Do you struggle to be heard — or taken seriously? If everything you say is being taken wrong, or you find yourself flying off the handle every time someone offers their advice or guidance, you may find your recovery stalled.communication
One of the hardest parts about recovery from an addiction is repairing the broken relationships that are left in its aftermath. Unfortunately, repairing the damage can take a long time — and a lot of hard work. The first step, of course, is to learn how to communicate properly, so that neither you or those you are communicating with taking offense. But where to begin?
Acknowledge That You Need Help
You’ve already reached out for help in battling your addiction. Now it is time to ask for help in learning how to speak so you are heard and listen in a way that helps foster healing. Figuring out how to deal with the people in your life (especially those who trigger big emotions), isn’t going to be easy, so give yourself a break and find someone to help you navigate these new waters. Once you start working the 12 steps more will be revealed about character defects you may have that do not help in your communication.
Learn to Listen
Communication is a back and forth dance between two people where both have the chance to speak – and be heard. If you want others to take you seriously you need to learn how to listen (I mean really listen), to what they have to say.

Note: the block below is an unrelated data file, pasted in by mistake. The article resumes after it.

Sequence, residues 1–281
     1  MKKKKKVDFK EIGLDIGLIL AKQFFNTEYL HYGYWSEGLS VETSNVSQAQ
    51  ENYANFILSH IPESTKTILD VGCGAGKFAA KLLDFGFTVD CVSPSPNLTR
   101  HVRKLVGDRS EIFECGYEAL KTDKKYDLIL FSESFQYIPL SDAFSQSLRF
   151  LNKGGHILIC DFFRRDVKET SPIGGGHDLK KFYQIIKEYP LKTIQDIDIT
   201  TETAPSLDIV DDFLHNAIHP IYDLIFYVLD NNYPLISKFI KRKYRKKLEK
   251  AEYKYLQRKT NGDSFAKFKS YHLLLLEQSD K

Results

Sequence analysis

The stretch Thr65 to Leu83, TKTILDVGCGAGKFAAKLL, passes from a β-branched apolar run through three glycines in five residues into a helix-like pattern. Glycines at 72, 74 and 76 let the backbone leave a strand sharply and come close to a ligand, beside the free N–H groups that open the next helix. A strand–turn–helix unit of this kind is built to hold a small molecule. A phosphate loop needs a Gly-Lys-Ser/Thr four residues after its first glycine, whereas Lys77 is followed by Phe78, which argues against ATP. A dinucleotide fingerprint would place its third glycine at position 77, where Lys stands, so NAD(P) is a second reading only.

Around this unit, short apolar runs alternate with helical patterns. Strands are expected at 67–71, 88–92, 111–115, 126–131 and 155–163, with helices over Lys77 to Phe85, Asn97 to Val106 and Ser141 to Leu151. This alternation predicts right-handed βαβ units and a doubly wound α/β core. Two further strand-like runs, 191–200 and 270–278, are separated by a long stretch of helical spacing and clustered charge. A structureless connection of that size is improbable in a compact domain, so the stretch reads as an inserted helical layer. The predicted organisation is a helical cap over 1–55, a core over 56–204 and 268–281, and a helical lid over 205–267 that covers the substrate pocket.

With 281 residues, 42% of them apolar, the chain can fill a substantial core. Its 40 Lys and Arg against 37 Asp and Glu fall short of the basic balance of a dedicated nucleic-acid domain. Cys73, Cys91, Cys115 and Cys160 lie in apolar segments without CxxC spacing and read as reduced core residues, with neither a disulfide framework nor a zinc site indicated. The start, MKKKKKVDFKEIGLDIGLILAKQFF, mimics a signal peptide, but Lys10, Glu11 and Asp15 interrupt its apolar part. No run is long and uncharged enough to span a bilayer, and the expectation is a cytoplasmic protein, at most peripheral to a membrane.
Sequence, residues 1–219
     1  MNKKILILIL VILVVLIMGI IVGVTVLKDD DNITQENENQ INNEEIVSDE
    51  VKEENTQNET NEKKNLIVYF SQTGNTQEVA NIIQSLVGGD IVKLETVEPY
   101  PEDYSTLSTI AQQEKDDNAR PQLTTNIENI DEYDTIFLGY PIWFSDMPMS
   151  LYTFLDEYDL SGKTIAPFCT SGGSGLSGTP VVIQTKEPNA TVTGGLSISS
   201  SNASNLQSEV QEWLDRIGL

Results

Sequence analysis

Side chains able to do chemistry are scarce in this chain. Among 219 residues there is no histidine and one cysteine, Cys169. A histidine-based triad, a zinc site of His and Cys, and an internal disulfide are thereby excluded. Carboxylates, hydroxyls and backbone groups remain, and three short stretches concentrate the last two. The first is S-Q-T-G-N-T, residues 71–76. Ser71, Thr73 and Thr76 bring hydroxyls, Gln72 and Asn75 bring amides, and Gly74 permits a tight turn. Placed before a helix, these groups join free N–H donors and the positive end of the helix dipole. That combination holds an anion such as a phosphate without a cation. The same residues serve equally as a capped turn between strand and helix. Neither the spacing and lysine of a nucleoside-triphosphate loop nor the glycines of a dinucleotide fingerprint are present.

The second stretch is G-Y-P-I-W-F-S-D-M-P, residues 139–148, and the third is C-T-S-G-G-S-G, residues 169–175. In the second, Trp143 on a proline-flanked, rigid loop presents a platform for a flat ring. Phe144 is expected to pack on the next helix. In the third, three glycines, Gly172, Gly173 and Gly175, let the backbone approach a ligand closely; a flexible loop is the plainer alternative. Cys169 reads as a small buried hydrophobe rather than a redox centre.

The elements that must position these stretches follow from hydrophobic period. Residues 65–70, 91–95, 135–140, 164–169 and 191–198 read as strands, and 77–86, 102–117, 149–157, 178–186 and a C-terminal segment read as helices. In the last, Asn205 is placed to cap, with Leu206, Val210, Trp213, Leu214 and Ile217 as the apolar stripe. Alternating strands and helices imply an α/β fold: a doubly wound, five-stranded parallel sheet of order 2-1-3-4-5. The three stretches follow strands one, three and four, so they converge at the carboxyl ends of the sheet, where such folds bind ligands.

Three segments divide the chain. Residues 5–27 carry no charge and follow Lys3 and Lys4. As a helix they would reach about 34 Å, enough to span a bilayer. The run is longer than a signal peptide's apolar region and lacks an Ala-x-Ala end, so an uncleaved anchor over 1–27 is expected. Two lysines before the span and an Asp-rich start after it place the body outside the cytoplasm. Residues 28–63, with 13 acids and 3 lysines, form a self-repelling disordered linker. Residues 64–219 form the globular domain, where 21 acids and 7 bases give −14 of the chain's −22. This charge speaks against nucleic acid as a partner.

Manage Your Stress
Diving into a tough conversation when emotions are running high leads to disaster. When you are feeling stressed or overwhelmed you are more likely to react without thinking and even read the situation wrong. This can lead to raised voices, knee jerk reactions, and misunderstanding. When you feel your stress levels rising, take a few moments to calm down and think about what is being said to you, and how you will react.
Watch Those Non-Verbal Cues
Communication is more than what is being said – it’s more often about what’s not being said. Be sure that the body language you are sending out reinforces what is being said and not contracting it. Otherwise, you will confuse your listener and they will find it difficult to trust your words – and your actions.
Be Assertive; In a Respectful Way
Those in recovery usually suffer from either an inability to be assertive – or they become abrasively assertive. Unfortunately, neither will offer the results that you are after. Being assertive requires making your thoughts and feelings known without being aggressive or demanding. This can be a difficult skill to master, especially when dealing with hard to handle people in your life. But remember, becoming a good communicator means learning how to interact with others with a tone of love and respect. It doesn’t mean making others adopt your point of view or winning every argument.
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